In Georgia, wrongful death claims are permitted under a Georgia statute, Wrongful Death Act, O.C.G.A. § 51-4-1 et seq, allowing such claims. This law identifies the parties entitled to bring a Georgia wrongful death lawsuit and prioritizes the order of the plaintiffs. The surviving spouse has the strongest standing to bring a wrongful death action. In fact, if there is a surviving spouse, the decedent's children do not have standing to bring a wrongful death action.
The damages recoverable in a Georgia wrongful death action include the victim's expected earnings, or the value of the victim's services, from the date of the victim's death due to negligence to the statistically projected date of natural death (using life tables), plus an intangible element representing the full value of the life to the victim.Caps on Personal Injury Damages
Like many states during the "medical malpractice crisis" fifteen years ago, the Georgia legislature imposed a cap on noneconomic damages in medical malpractice lawsuits of $350,000.
A trial judge in Fulton County, Georgia, has struck down Georgia’s cap in medical malpractice cases because the legislature’s cap of $350,000 for noneconomic damages was unconstitutional in its affording of special protections to doctors.
So in Georgia auto accident and product liability cases, Georgia does not have a cap on noneconomic damages.Punitive Damages
Georgia law provides for punitive damages for wanton conduct: "Wanton conduct is that which is so reckless or so charged with indifference to the consequences as to be the equivalent in spirit to actual intent."
This includes conscious indifference to consequences, which is an intentional disregard of the rights of another or knowingly or willfully disregarding such rights.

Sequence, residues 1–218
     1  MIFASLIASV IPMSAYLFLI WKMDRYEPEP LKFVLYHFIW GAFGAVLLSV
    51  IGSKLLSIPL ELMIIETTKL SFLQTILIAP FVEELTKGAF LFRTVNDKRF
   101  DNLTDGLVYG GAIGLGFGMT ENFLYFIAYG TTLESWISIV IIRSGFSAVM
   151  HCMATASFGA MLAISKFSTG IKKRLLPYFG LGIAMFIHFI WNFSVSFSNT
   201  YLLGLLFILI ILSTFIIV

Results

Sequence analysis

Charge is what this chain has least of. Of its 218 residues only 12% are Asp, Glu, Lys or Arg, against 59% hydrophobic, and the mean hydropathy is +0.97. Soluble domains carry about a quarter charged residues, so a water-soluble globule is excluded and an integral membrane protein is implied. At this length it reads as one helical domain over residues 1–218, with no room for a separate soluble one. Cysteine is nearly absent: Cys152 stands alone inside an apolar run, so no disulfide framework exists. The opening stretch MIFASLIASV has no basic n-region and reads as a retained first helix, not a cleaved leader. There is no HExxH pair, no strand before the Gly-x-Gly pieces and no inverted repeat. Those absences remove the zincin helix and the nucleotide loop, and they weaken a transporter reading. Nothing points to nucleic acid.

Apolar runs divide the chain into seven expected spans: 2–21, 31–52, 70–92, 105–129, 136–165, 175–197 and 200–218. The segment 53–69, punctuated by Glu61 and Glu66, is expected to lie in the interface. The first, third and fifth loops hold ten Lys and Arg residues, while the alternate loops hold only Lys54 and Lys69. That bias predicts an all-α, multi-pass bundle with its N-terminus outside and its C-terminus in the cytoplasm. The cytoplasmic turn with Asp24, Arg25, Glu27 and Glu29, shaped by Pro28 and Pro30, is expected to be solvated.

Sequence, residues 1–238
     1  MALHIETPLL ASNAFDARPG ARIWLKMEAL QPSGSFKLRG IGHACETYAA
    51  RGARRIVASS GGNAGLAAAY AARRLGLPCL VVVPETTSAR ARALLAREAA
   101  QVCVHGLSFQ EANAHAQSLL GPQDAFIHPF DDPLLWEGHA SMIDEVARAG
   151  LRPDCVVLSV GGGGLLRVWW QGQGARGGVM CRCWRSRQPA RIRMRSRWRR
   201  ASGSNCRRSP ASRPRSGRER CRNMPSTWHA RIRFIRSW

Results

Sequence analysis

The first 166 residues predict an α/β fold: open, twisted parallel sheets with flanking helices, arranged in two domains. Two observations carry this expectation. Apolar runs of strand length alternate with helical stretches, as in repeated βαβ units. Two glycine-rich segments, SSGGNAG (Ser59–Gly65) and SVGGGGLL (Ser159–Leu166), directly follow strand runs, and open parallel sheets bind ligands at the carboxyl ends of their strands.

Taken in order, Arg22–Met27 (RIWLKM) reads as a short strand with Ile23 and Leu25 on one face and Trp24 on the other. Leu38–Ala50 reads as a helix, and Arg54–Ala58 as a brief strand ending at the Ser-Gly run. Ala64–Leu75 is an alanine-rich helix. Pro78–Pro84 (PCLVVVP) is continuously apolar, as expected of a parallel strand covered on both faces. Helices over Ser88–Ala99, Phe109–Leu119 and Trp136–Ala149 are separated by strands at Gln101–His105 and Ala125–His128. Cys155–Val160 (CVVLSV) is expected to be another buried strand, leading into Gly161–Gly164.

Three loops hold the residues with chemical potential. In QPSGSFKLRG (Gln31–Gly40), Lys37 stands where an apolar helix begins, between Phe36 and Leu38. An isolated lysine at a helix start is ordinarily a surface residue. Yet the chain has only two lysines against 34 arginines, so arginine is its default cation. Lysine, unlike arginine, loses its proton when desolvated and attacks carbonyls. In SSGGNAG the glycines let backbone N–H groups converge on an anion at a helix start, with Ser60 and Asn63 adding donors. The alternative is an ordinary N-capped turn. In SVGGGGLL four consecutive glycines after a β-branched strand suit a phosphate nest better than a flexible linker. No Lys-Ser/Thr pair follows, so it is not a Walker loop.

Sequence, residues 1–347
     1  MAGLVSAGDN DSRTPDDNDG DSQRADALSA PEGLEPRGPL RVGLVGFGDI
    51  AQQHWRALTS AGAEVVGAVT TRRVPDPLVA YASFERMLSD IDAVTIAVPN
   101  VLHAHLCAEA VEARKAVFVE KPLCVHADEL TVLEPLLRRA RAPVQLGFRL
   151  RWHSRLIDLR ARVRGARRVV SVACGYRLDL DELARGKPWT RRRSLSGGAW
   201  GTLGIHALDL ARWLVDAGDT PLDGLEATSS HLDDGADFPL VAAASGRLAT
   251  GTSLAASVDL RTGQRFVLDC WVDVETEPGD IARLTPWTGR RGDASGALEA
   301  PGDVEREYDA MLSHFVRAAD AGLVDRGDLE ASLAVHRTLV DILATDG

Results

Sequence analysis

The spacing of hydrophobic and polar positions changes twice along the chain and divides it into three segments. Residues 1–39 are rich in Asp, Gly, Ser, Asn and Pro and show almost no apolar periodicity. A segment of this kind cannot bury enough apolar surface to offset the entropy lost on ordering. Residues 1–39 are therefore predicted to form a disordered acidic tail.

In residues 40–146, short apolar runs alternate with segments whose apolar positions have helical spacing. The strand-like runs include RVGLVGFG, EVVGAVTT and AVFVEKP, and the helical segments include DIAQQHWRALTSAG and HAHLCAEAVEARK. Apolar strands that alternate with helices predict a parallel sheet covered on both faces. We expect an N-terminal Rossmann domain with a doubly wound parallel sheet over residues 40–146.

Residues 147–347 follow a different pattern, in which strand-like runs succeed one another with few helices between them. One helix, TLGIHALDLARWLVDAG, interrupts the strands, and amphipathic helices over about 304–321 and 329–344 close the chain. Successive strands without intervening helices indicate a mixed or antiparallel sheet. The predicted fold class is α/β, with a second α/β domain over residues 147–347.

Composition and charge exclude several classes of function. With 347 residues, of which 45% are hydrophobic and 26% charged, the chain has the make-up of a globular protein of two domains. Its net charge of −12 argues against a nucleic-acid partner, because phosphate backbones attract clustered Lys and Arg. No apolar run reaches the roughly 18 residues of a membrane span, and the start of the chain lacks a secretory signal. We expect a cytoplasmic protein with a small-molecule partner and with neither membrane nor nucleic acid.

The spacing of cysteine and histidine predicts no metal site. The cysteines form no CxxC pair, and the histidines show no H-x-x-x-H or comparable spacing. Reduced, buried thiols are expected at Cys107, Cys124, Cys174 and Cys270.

Georgia law caps punitive damages at $250,000.00 unless the party acted with specific intent to harm. Punitive damages may only be awarded in auto accident cases or other tort claims when proven by clear and convincing evidence (as opposed to the preponderance of evidence).
In 2023, the Georgia Supreme Court will hear arguments in McKinney v. Gwinnett Operations that this cap on punitive damages is unconstitutional.Zone of Danger
Under Georgia's law, a plaintiff seeking damages for emotional distress must demonstrate that: (1) he/she suffered a physical impact; (2) the impact caused him/her physical injury; and (3) the injury caused their mental suffering or emotional distress.Damages for Emotional Distress
Under Georgia's law, a plaintiff seeking damages for emotional distress must demonstrate that: (1) he/she suffered a physical impact; (2) the impact caused him/her physical injury; and (3) the injury caused their mental suffering or emotional distress.Actual Physical Contact Uninsured Motorist Rule